Vladimir Putin has seen US presidents come and go in the past 22 years.
Joe Biden was the fifth incumbent of the White House to hold talks with Mr Putin in his capacity as Russian president or prime minister.
In short, Mr Putin is something of a seasoned summit veteran and at times it showed.
Given the parlous state of relations between Russia and America, he could arguably claim that holding a summit so early in the Biden presidency was a victory in itself.
Mr Putin’s press conference went remarkably smoothly, putting the Russian leader firmly back on the world stage, appearing unruffled by some fierce questioning.
Where necessary he proferred a diplomatic olive branch, indicating, for example, that a prisoner swap might be possible.
But there was no giving ground on issues like cyberattacks on US targets and the Russian opposition leader, Alexei Navalny.
Joe Biden’s press conference ended on a more tetchy note, with the US president snapping at CNN’s Kaitlan Collins who had the temerity to ask him whether he was confident that Mr Putin would change his behaviour.
Turning back and walking toward the reporter with his finger raised, Mr Biden said: ‘I’m not confident he’ll change his behaviour. What the hell do you do all the time? When did I say I was confident. Let’s get it straight.”
Ms Collins, then asked why he thought the meeting had been “constructive”.
Mr Biden said “If you don’t understand that you’re in the wrong business” and walked away. The president later said he had apologised to Ms Collins, adding: “I shouldn’t have been such a wise guy.”
Still, the optics of a US president swivelling around and jabbing a finger at a journalist were lousy.
This though was a rare discordant note in Geneva, with the only other frisson being some ill-tempered jostling between reporters and security guards, much to the bemusement of the two leaders.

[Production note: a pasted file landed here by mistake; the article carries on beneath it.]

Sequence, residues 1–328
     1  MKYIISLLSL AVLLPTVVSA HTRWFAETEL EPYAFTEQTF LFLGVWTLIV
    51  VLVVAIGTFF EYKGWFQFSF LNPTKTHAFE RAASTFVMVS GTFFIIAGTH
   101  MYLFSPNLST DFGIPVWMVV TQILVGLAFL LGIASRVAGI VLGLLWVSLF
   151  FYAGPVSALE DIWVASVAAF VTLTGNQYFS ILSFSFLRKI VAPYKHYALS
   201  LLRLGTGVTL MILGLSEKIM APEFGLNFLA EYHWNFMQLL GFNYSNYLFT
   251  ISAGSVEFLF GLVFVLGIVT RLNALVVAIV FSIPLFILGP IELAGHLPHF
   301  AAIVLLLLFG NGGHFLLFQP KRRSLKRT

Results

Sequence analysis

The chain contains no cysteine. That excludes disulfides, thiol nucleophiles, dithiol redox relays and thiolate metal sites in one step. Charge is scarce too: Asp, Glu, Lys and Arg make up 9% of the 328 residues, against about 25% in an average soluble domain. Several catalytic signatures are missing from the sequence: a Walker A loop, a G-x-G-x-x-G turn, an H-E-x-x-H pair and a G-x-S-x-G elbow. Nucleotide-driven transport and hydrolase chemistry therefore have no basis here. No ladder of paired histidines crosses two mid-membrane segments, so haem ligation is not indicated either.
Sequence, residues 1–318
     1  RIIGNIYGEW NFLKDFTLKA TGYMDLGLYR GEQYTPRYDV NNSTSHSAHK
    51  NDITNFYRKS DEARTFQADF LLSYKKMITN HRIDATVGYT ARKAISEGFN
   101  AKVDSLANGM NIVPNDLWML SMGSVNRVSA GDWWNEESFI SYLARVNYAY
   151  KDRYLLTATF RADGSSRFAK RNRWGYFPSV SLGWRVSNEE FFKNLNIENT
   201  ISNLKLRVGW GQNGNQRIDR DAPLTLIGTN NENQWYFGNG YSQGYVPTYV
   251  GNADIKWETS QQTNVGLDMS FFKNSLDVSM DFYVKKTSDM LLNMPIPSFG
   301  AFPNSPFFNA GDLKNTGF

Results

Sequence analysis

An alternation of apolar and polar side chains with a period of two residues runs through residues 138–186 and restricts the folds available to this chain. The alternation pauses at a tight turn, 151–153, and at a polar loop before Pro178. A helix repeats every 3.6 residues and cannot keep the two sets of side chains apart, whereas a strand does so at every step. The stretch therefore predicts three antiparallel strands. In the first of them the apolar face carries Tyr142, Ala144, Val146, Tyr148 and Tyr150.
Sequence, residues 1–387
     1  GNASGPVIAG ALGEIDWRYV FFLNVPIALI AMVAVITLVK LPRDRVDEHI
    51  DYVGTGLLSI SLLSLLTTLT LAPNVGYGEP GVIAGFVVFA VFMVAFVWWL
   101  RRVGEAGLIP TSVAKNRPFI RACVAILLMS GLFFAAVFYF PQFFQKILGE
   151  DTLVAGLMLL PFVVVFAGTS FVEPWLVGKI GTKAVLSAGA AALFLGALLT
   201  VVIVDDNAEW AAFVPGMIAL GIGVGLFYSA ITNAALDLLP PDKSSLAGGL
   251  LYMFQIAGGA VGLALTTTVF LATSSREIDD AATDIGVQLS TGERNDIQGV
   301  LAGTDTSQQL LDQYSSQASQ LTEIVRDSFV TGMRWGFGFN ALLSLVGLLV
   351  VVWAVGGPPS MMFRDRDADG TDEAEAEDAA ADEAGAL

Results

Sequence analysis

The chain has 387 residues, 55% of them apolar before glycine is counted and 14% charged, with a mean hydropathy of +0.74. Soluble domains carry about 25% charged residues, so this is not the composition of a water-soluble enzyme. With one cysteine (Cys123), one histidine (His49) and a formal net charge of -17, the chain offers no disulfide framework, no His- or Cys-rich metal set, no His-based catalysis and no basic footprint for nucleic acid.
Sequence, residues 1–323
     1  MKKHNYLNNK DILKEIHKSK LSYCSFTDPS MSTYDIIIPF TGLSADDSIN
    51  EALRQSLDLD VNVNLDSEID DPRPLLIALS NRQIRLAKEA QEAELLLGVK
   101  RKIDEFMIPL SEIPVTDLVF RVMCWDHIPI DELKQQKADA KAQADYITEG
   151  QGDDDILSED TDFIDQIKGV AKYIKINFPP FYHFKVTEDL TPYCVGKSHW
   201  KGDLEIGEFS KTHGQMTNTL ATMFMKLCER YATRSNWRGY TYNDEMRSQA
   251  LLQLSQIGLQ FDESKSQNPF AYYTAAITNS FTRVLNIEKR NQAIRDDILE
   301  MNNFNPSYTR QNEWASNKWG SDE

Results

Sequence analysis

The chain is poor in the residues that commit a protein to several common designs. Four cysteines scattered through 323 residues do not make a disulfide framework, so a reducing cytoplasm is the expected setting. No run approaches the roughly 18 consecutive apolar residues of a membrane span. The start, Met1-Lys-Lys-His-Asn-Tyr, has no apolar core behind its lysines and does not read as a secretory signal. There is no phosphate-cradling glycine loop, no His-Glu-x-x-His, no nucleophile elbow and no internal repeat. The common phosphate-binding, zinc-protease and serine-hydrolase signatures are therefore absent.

Fortunately, the talks between Mr Biden and Mr Putin appear to have been rather more relaxed than had been predicted.
Admittedly, the bar had been set pretty low.
But given Mr Biden’s decades of political experience, there was no chance of him embarrassing himself or the US.
There was no repetition of JFK’s disastrous 1961 Vienna summit with Nikita Kruschev in which the Russian leader concluded that the inadequately prepared American president was not up to the job.
Neither was there a rerun of the 2018 fiasco in Helsinki when Donald Trump’s relentless determination to reset relations between Moscow and Washington saw the US president disown his own intelligence service’s warning that Russia had interfered in the election.
Divisions on the Ukraine, cyberattacks and Navalny remain.
However, there were some modest achievements with the two sides agreeing to press ahead with arms control talks and agreeing to put their ambassadors back to work.
To use an old diplomatic cliché, the summit could best be described as “businesslike”, suggesting the two men may at least rub along, which should see a slight thaw in the relations between Moscow and Washington.
Mr Putin bore no grudges at Mr Biden having once called him a killer.
The US president, he said, was a “very balanced, professional man who is very experienced” which, given the climate leading up to the summit, could be described as fulsome praise.
Joe Biden, in turn, described the tone as “good” and “positive” which probably as good as it gets.